So even after he passed on, I mean, coffee and tea grown in Thailand is a huge industry now, and that’s something that has endured. What about Thaksin? And I mean, as soon as his three-month drug war was over, it didn’t change anything. And it’s still a problem today.

Jeff I forgot about the coffee and the tea, because we visited a couple of coffee plantations up in the north and it’s just beautiful up there, back there. Hopefully one of these days we’ll get to go back

Brian I hope so.

Jeff With the first Thai meal and Singha beer is on me.

Well, listen, you have written a lot I mean, a lot about Thailand and I read it all. I think I even maybe posted one of your articles a while back. But anyway, just give us a little bit of an idea about Thailand vis-à-vis China, explained for the friends, fans, and followers out there what ASEAN is and how Thailand relates to it. As you mentioned, Thailand has the second biggest economy in Southeast Asia after Indonesia, which has three and a half times as many people.

And yet, you know, and Thailand has more as a bigger economy than Vietnam. Vietnam has more people than in Thailand. So as you said, it’s an extremely industrious country. Just tell us about China, Thailand, maybe the rail line from Kunming down to Singapore through Laos, ASEAN. And then. Compare that with what’s going on with the West.

Brian Ok, so ASEAN is sort of like a political-economic union, but it’s not as coherent as the European Union, for example. National sovereignty takes precedence. And so it’s just kind of a loose association between these nations. Yes, they have visa arrangements and things like that, but a lot of it is still done now nation to nation instead of as a bloc, but that that’s basically what ASEAN is. And I think a lot of people wanted to make it like the European Union.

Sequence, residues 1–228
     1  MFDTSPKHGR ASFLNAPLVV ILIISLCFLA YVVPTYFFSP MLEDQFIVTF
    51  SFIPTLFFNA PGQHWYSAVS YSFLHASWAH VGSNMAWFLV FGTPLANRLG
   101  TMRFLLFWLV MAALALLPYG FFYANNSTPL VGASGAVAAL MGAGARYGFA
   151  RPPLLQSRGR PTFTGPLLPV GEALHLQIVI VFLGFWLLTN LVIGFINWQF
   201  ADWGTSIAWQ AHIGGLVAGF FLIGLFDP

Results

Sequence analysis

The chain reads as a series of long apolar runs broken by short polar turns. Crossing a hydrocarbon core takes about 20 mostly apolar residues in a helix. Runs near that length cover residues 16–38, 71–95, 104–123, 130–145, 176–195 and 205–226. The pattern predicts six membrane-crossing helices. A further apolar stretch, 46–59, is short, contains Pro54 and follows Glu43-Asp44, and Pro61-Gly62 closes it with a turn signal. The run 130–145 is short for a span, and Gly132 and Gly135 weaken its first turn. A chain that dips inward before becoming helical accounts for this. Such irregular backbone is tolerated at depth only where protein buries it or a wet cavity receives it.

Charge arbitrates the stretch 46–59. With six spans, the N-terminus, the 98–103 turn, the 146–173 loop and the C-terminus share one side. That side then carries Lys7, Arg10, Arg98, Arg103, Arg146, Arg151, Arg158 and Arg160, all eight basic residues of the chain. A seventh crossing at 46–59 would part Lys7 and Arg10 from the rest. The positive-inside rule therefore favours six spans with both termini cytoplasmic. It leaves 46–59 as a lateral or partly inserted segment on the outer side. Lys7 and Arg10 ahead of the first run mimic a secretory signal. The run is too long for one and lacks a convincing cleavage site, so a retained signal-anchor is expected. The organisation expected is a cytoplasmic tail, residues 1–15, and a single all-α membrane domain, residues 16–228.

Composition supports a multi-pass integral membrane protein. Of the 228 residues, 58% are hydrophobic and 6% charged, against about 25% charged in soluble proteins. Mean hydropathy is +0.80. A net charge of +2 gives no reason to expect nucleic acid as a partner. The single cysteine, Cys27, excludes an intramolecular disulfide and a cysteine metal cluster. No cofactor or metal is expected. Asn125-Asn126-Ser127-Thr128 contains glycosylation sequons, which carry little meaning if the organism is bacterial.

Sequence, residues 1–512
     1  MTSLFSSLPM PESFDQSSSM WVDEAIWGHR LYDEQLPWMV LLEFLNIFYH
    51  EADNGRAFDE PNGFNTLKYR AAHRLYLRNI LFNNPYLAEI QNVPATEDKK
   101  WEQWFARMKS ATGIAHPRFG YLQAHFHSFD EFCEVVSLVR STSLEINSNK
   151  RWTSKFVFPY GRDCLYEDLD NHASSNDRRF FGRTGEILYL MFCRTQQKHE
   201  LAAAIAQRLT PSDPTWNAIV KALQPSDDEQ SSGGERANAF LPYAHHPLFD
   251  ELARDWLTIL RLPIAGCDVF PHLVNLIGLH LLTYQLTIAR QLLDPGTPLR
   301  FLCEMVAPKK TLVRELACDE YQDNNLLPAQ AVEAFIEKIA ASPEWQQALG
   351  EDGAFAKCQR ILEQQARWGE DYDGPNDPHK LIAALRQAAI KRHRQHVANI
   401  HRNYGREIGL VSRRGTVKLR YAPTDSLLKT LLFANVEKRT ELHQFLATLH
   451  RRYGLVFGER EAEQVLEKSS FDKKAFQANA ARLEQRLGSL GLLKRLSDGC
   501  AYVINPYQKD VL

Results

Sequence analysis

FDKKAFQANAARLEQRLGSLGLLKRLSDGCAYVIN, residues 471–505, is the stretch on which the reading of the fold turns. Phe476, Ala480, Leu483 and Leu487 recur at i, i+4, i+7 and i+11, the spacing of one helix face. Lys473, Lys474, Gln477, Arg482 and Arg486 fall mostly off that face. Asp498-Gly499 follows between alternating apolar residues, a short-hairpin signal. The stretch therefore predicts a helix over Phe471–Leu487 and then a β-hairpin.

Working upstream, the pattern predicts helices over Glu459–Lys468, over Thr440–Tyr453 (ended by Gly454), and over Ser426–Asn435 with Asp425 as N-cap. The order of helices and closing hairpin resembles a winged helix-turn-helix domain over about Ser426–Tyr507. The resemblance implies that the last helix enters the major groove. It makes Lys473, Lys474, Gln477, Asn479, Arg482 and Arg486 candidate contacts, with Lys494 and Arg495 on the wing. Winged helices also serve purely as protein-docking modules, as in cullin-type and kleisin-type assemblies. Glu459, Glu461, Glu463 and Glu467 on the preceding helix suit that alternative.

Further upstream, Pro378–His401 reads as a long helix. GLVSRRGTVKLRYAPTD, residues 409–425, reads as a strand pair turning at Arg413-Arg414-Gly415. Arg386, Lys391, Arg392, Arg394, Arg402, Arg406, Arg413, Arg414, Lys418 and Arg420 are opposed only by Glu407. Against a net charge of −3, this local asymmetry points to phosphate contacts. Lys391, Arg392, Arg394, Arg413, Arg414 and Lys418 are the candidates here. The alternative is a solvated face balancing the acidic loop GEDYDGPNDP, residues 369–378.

But then they looked at the European Union and they’re like, no, maybe that’s not a good idea. Let’s keep it like this. So far for Thailand, at the time that I’ve been here, I’ve watched. And you can go look at some economic data over the last 10 to 20 years. And you can see how as China has risen, how it has, not just Thailand as it’s transformed all of Asia and everyone is pivoting with this shift of economic power from west to east.

So I remember when I was here, all the tourist signs were in English or Japanese, and now everything is being written in Chinese and also Russian. And why is that? And the reason why is because now as China rises, as the standards of living rise in China, more and more people are traveling abroad. And for Thailand, the largest number of tourists that come into the country are from China. And so many Chinese tourists come here.

It’s more than every Western country combined, just from China. And then actually after China, the next largest groups are all nations in ASEAN in Southeast Asia. So you can see how the West, economically, politically, militarily, has just kind of shrunk from the region and how it’s being displaced by this new, you could say, order or paradigm that China is leading.

And it’s this, you know, this multipolar that we hear China and Russia talk about all the time. And just another example. I used to live someplace where military helicopters flew over and they always used to be Blackhawks made by the US. And then recently I saw Russian helicopters and I was like, oh, yes, they started replacing some of their Black Hawks with Russian transport helicopters. And something that people might not know is that.

Thailand is replacing all of their old US military hardware with Chinese, mostly Chinese alternatives, so all their main battle tanks are being replaced from China, armored personnel carriers, armored vehicles. They have, I believe, one submarine that has already been ordered and is on the way. And they’re talking about two more which have been delayed because of political reasons.

But essentially and people don’t realize this when you buy three submarines, you’re not just buying a submarine, you’re buying maintenance agreements, training and so much more. You’re buying military and political ties when you buy something as significant as these diesel-electric submarines, the ones is buying from China.